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Conservative? NO! Radical, Regressive, and Reckless!
Published on Sunday, December 11, 2005 by
Conservative? No.
Radical, Regressive, and Reckless? Yes.
by Gary Alan Scott

Like so many trained parrots, Democrats, Liberals, Progressives, and others on the left side of the political spectrum have acquired a bad habit of repeating the well-researched and well-tested catch-phrases of the Republican disinformation machine. This allows the Republican right to set the tone, if not the entire agenda for our public discourse.

Even people I respect, such as Former U.S. Secretary of Labor, Robert B. Reich, slip into this nasty habit. In a November 29 column about the so-called "Conservative" Movement's embrace of Social Darwinism, Reich referred to the religious right as "conservative" several times.

Just because someone calls him or herself a conservative doesn't make it so. I regularly hear critics of the Bush Administration and its policies referred to as "conservative." Well, here's a news flash:

George W. Bush is not a conservative.
Richard B. Cheney is not a conservative.
Donald Rumsfeld is not a conservative.
Karl Rove is not a conservative.
Paul Wolfowitz is not a conservative.
John Bolton is not a conservative.
Grover Norquist is not a conservative.
Bill Bennett is not a conservative.
Pat Robertson is not a conservative.
James Dobson is not a conservative.
Jerry Falwell is not a conservative.
Rush Limbaugh is not a conservative.
And Bill O'Reilly is not a conservative.

No, indeed, this is a list of radical, regressive, and often reckless political partisans who have exhibited careless disregard for other people, often ignored traditional or established policies, and many of them have flouted the rule of law or have had their hypocrisy publicly exposed (Bennett and Limbaugh, for example). In the mouths of these people, the "conservative" mantle (with or without its alleged compassion) merely supplies the sheep's clothing to cloak their wolf-like avarice.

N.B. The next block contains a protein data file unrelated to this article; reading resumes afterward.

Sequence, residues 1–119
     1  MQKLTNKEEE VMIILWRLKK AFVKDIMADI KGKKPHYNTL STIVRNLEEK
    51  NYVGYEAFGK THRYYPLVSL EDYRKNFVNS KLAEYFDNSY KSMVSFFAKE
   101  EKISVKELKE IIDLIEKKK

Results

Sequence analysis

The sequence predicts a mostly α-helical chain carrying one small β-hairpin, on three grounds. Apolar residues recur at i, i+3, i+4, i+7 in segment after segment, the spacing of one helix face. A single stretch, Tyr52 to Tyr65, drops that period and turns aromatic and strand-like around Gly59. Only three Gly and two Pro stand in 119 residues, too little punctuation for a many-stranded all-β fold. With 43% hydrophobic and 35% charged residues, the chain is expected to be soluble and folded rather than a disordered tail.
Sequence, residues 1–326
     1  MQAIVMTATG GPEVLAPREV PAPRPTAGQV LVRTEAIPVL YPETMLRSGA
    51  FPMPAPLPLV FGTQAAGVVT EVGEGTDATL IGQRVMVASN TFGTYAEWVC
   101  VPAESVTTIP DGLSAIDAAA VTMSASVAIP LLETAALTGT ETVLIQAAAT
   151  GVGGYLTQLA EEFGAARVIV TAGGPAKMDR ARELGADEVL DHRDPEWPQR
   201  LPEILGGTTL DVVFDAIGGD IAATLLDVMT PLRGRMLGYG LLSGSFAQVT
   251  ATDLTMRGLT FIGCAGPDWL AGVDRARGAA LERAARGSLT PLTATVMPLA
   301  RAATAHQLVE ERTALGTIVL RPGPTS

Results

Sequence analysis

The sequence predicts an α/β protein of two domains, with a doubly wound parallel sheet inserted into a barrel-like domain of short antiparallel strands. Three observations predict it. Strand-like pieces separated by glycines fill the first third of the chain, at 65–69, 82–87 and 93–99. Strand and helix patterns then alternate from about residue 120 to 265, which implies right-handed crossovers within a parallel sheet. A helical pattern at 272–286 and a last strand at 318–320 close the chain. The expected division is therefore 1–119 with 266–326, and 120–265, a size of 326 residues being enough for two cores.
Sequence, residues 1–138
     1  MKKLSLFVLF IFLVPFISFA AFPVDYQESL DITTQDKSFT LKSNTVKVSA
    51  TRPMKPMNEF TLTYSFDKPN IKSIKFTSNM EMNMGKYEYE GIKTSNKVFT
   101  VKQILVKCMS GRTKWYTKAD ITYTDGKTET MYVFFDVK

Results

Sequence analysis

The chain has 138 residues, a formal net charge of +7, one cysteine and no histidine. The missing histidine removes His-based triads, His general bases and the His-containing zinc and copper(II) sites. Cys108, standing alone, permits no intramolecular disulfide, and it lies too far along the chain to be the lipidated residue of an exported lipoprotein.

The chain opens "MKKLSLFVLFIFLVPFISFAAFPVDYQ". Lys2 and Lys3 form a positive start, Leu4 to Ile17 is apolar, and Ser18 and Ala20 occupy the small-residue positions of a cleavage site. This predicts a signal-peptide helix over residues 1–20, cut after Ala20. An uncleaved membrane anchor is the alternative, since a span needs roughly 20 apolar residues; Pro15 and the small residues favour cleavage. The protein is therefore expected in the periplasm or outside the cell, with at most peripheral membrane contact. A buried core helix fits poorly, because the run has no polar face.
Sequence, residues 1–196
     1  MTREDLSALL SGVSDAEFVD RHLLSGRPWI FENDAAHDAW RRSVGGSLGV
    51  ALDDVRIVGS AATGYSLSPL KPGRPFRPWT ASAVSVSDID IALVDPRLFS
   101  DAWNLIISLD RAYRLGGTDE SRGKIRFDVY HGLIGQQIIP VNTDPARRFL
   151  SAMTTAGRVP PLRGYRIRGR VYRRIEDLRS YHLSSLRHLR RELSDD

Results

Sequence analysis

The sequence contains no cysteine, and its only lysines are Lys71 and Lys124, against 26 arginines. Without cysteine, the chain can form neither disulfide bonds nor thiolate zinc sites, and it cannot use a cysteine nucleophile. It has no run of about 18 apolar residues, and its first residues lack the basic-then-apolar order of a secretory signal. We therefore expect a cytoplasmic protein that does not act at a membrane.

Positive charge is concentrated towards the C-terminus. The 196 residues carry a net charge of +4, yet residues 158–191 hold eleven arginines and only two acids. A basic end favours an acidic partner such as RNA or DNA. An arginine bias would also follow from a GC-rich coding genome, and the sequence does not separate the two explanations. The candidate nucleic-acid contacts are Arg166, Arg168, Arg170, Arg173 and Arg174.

Webster's Dictionary defines "conservatism" as the "disposition in politics to preserve what is established". It is further defined as "a political philosophy based on tradition and social stability, stressing established institutions and preferring gradual development to abrupt change."

In the recent past, so-called "conservatives" have adopted modifiers, such as "fiscal" or "social" to describe their particular brand of conservatism. If one looks back a bit further, one finds that the conservative platform stood for smaller government, fiscal responsibility, civil liberties, privacy rights, and a significant degree of autonomy for the states in our federalist system of government.

The "conservative" label sounds warm and fuzzy. It evokes images of someone who conserves, which is to save, to husband, to act circumspectly, even cautiously, and co-operatively or multi-laterally. The label evokes impressions of one who understates and underestimates, someone who low-balls expectations, rather than going in for "pie-in-the-sky" scenarios.

Remember the now infamous Rumsfeld predictions that we "will be greeted as liberators" by the people in Iraq and that oil revenues will pay for the war. The cost of this little "conservative" adventure is now approaching the $300 billion dollar mark, with no end in sight. "Staying the course" might sound like a conservative approach, but this assumes that we have a viable course on which to stay!

People like the sound of "conservative", perhaps especially because of the way that the term "liberal" has been demonized. But the warm, fuzzy feelings engendered by the word "conservative" melt away when we see programs for the poor slashed in order to give still more riches to the rich. The average person is outraged by the corruption, incompetence, and cronyism that goes by the name of conservatism nowadays, as the examples from Rep. Randy "Duke" Cunningham (R-Ca), to Sen. Bill Frist (R-Tenn.) , to Rep. Tom DeLay (R-Tex), to Gov. Bob Taft (R-Oh.) to former Gov. George Ryan (R-Ill.), to former Gov. John Rowland (R-Conn.) to David H. Brooks (whose company (DHB) sold millions of dollars of faulty "bulletproof" vests bound for soldiers in Iraq,) to the Coalition Provisional Authority's bribes, etc. etc. etc.